Please hear my words. To our youth, listen closely.
There is a generation of folks that believe in their hearts that they need little to no help from others. They are capable to do as they always have. In their hearts, the only energy that moves them forward is their own.
My parents fall under this umbrella.
Recently, I set out with my brother-in-law to serve many with the idea that it would fill the cup of the same many involved.
A friend of mine, Rick, built a beautiful home on the Spokane River three years ago and had to cut down a few trees to do so. (He is older than me as well.) These said trees have been in a stack since then taking up valuable real estate—white and red fir with a peppering of pine trees. Rick, also is my transmission mechanic and has been a blessing to several of my vehicles: Loui’s Transmission.
Meanwhile, my father, Joe, needs at least six cords of firewood for the looming winter to heat his home. For him to do as he always has is not an option. So, I decided to kill two birds with one stone. Help Rick cleanup and ready my father for the winter months.
My father wrestles with his own limits. As he nears 80, he moves through life at a different pace—sometimes with a hand on a wall. As a veteran of the Vietnam War era, stop is not in his thoughts.
Being one of the greatest hunters and fisherman that many have met, several have shared this with me, my father now finds himself on the sidelines encouraging his family and freinds to get out to hunt and fish.
While at Rick's, we split and pulled three cords of wood off his property and brought it to my father’s home. When we dropped off the first load, my father asked if I would climb up his 20’ ladder and clean out his chimneys. Hugging the chimney stack with one arm the other arm lifted and jabbed the chimney sweep down each stack.
While working on the first, I gazed down at a small hive of yellow jackets in the other. Half way through, I had to take a break as my 53-year-old, once repaired shoulder burned. Let me just say that it was a task.
When I came down, I found my stepmom almost in tears as she was stressed that one of her kids could get hurt doing a job for them. She said that they could never live with that. I assured her that I did my best to stay safe. Not sure if she heard my words, however.
I found out later in the afternoon from my father that he actually set the ladder up before I was there and climbed to the top only to realize that this was not a job that he could do anymore. Next time, I will use my climbing harness and affix myself to the chimney.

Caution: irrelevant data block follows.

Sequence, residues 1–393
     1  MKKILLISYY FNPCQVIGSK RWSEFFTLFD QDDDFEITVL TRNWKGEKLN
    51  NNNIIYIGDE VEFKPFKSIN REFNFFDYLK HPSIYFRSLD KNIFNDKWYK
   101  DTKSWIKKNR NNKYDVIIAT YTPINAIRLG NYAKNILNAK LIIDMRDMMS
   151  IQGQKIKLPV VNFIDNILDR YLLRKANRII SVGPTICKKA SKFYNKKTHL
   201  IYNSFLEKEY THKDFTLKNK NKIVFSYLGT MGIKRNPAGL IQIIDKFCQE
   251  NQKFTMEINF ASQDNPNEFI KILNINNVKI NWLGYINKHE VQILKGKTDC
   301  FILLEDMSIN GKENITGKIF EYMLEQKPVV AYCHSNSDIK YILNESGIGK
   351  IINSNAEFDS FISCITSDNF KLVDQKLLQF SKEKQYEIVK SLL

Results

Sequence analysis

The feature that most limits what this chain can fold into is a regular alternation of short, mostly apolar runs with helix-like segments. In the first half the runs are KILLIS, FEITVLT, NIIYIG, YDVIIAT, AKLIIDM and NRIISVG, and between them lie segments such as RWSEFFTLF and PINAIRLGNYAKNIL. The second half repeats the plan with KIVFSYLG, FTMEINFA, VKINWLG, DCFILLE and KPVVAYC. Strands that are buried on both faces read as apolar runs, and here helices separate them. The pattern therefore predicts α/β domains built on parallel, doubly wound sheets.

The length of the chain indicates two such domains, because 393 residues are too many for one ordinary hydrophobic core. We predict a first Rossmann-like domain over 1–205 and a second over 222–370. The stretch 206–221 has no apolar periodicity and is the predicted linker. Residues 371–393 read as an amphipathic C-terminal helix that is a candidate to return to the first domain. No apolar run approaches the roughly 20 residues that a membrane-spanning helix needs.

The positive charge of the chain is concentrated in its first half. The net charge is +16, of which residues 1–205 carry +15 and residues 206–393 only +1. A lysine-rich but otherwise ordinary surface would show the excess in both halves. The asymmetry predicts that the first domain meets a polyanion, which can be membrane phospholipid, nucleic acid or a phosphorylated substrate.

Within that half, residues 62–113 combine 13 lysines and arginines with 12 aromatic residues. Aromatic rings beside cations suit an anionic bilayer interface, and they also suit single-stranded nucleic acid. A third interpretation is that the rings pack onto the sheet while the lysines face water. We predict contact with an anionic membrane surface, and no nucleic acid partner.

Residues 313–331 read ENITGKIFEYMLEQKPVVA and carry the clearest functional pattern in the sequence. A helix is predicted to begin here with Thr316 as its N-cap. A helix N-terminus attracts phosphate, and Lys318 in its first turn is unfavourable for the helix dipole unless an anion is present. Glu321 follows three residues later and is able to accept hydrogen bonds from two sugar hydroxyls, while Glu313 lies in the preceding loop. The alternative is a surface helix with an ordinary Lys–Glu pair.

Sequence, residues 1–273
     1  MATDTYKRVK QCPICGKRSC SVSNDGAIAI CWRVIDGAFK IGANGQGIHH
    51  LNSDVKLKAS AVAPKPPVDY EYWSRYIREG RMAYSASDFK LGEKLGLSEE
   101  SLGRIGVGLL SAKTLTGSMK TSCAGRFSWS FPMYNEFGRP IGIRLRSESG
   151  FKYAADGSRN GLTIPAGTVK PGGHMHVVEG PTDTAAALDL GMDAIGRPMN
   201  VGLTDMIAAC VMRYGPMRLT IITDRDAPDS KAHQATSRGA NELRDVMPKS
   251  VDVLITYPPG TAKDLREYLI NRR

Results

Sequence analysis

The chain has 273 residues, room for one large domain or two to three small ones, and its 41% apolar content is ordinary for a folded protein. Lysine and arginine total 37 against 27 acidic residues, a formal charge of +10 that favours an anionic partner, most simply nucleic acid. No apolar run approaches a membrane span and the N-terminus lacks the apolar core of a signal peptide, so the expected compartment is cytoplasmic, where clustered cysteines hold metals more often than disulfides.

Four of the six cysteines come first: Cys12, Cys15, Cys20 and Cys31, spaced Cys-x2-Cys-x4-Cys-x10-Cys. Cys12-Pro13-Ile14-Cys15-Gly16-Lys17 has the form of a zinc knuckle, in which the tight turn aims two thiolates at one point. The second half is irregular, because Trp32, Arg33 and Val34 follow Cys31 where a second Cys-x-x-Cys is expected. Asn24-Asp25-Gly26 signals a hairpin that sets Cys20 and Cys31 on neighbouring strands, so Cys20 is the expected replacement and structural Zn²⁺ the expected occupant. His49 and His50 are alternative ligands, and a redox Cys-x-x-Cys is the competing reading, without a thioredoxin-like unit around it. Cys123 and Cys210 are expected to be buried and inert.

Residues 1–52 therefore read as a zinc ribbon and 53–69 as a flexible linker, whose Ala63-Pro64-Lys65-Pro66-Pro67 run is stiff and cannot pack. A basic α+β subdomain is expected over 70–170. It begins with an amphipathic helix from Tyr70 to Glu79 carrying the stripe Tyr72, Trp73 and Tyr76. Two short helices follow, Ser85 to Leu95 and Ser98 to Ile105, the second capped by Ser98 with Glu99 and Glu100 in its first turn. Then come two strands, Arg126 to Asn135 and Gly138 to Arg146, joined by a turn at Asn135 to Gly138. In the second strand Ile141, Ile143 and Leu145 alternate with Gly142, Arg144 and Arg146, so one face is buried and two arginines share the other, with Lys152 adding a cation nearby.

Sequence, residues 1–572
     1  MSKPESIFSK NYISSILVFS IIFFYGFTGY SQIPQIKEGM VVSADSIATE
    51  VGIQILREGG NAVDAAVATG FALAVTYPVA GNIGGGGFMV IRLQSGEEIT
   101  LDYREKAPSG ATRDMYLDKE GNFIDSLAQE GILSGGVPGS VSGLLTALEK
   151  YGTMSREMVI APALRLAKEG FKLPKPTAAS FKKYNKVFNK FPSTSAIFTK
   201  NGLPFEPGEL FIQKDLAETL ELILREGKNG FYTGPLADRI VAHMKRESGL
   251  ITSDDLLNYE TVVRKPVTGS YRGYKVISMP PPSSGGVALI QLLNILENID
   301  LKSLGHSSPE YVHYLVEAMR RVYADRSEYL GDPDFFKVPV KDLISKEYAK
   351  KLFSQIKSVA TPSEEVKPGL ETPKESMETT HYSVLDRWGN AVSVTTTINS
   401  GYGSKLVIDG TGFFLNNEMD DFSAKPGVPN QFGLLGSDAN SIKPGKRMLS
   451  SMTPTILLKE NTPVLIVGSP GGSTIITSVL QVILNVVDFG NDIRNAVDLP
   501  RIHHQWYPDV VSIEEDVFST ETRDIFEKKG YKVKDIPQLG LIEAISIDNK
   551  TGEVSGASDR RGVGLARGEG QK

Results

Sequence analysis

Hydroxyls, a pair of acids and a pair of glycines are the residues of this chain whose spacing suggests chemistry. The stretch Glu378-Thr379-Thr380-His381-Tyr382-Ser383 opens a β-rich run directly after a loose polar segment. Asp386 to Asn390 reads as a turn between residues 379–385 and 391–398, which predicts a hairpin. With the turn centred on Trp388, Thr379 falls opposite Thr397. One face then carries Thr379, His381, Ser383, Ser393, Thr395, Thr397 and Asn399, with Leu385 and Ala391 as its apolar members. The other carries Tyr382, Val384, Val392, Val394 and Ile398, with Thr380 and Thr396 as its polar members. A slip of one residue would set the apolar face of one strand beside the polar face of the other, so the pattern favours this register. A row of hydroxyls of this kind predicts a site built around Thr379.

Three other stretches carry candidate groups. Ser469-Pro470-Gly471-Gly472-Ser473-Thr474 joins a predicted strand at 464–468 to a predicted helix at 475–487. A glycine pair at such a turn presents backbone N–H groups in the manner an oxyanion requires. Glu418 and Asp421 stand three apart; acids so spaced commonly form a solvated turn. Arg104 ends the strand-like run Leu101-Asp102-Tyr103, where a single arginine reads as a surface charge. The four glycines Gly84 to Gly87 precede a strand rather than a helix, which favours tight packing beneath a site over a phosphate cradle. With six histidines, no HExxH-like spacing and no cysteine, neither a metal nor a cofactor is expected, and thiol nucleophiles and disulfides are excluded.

My father is a man that has always stayed the course to complete his own jobs. He continually assures me that he can and even needs to do all tasks. He says that once he stops working, he will die. I understand the sentiment, but if he doesn’t slow and let others help, he will die as well.
At the end of the day as I drove home in my truck alone, I could not hold back my emotion. I wanted my father to know that it was ok to call upon his kids to help him. That one day, I will call upon my kids as well. Truth . . . our own limitations will one day slap us in the face—some these have already started for me.
While our youth is still intact, we must seek out these moments to let those that came before us know that that despite the changing seasons we are here to lift them up.
Our parents and grandparents still have many rewarding miles ahead of them and so much to offer and teach us. Like a good wine, their knowledge and skill sets are still there and, in many ways, getting better. Let them be part of the task at hand. From helping around the garden, yard, kitchen, or vehicles, they can still show-off their abilities.
Remind them that they are amazing and that asking for help is not a weakness; it is a strength.
For example, my father-in-law, Rich, who spent a career building custom homes in Spokane, has spent the past two weeks doing finish work in two beautiful homes along the Spokane River. Sloan is building his dream home(s) for himself and his mother. He called upon Rich for his expertise—as I often do as well.
Though Rich may not move at the speed he once has, his quality of workmanship shows no decline. I called my father-in-law after touring Sloan’s two homes rhe other day to let him know how impressed I was with his craftmanship. I spent the 1990s building homes alongside Rich. I am very aware of the man’s skill set.
Finally, remember that those in need don’t necessarily have to be family to be helped. If you have the ability to serve . . . please serve. On this day, it was clear to me that I was the one blessed.